Wednesday, September 23, 2015

High School Geometry = Sexytime?

Two days ago, I came in a classroom and found a phone someone left behind on a desk. I woke it up to see if I could determine whose it was. The wake screen showed the last several WeChat messages received, which of course were all in Chinese, but I could see the names of the people messaging the phone's owner. If I could figure out who they were, I could tell them, "One of your friends left her phone in my class." So I started writing some of the names on the board to ask my students if they knew any of them.

"Do you know this person?"


"What about this person?"

"I think that might be a tenth grader."

"What about this person?"

"That says 'WeChat'."

As I looked through the list of recently-received messages, one stood out to me, because it had a colleague's name in it. (Some background on this colleague: he lives right across the hall from us, but he's quite reserved and private, so we rarely saw him for the first year we lived here. Our family started calling him "The Unicorn," because seeing him was about as rare as a unicorn sighting.) Anyway, this message said: Chinese Chinese Chinese [The Unicorn] Chinese Chinese Chinese: "I want to stick my finger in your...." And then the message summary had run out of room.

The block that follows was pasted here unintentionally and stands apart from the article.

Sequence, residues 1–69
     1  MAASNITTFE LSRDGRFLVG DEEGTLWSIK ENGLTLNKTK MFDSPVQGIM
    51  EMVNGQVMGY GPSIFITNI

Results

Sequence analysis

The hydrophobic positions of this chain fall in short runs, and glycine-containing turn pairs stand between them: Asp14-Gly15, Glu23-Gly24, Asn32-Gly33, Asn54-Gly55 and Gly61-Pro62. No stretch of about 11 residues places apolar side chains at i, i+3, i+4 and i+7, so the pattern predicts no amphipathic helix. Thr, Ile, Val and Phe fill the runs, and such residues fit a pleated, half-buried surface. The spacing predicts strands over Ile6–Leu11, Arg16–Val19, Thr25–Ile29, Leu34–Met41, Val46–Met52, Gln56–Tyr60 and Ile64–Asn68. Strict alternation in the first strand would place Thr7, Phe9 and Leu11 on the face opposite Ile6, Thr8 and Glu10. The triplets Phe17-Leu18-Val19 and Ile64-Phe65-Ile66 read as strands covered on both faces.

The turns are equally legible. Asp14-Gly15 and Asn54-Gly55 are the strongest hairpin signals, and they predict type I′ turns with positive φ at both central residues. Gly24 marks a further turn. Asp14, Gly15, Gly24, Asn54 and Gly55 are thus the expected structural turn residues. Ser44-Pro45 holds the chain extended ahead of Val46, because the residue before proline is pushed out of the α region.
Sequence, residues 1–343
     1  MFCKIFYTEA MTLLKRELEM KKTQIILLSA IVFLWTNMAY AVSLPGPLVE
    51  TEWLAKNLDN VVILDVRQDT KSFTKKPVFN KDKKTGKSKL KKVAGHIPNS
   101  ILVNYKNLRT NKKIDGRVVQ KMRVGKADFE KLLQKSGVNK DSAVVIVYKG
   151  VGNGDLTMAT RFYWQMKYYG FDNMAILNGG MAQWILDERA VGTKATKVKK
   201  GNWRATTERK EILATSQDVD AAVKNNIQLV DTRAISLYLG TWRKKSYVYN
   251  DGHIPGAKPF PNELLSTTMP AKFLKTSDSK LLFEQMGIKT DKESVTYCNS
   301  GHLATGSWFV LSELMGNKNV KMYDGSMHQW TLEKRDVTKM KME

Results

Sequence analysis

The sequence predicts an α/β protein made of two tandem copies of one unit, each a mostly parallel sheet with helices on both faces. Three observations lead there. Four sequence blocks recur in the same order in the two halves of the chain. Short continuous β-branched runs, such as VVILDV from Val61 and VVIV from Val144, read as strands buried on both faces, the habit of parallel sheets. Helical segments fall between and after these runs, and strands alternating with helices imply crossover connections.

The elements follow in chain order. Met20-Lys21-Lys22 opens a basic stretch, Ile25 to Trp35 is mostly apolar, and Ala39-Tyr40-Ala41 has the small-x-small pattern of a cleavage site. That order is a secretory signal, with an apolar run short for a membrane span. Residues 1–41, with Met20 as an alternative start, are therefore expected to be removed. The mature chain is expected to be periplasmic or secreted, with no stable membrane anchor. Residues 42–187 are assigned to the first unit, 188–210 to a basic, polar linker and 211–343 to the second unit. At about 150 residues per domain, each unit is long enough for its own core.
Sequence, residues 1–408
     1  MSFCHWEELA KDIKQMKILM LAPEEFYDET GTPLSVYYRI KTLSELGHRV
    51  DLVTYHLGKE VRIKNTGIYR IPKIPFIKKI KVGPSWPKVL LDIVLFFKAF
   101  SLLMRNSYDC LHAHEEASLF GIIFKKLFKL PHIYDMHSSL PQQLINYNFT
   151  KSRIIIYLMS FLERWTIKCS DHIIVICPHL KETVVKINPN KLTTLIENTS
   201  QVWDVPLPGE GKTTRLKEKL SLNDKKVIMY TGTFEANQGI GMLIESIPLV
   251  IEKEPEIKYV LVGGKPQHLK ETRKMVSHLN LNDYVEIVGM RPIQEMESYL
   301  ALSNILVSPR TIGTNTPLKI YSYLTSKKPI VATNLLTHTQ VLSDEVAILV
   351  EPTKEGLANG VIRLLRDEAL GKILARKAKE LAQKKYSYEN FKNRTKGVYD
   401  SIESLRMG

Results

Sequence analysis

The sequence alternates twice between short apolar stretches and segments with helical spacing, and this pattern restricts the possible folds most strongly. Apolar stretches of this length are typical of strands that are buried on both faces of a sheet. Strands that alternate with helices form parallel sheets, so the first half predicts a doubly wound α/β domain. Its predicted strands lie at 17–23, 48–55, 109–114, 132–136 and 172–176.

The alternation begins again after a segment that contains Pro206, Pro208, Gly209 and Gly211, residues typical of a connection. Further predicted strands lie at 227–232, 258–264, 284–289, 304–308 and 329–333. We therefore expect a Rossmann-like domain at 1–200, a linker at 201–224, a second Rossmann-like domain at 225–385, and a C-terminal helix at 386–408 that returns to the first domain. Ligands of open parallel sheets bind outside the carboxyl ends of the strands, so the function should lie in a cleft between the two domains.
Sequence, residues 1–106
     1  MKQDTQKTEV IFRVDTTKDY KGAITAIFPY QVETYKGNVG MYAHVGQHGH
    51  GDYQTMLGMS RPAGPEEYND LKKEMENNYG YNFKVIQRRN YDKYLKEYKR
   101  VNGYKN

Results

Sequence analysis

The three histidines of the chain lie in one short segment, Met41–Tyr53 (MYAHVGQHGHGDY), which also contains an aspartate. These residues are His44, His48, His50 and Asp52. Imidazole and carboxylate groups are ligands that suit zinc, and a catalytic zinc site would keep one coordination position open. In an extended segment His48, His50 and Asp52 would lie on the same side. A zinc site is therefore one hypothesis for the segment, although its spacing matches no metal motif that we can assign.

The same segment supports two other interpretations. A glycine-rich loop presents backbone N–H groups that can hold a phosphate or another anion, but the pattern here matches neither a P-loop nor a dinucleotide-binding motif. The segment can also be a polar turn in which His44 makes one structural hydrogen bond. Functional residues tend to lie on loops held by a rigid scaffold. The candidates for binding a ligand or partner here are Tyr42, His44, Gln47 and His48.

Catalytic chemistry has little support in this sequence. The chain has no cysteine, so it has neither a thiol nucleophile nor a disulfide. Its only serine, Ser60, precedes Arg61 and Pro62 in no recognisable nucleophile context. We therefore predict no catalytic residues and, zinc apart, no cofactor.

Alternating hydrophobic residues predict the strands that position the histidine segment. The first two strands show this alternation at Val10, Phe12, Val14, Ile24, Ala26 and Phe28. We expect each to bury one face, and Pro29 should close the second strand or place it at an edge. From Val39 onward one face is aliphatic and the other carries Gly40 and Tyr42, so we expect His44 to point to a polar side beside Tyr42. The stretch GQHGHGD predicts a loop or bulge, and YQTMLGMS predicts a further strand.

What?! Evidently The Unicorn had said something in class that I very much needed to know the rest of.

The next day I was walking down the hallway and I saw The Unicorn. I told him what had happened and I said, "I need to know what the rest of that message said."

And now, in Paul-Harvey fashion, the rest of the story.

He's a math teacher. His students were learning about discontinuous functions. He was teaching them that, at the discontinuity, one portion of the graph is going to have an open point and the other portion of the graph is going to have a closed point. He told the students their open points would be "holes." Because students sometimes draw ambiguous graphs with the hopes of taking credit for wrong answers that look correct, he told them, "Don't make tiny holes. I need to be able to see your holes. I want to be able to stick my finger in your holes."

He said, "When I said that I thought, 'That was terrible,' but when I looked around, nobody reacted, so I thought I was safe." But he wasn't safe; it was quickly posted on WeChat.

And now you know the rest of the story.

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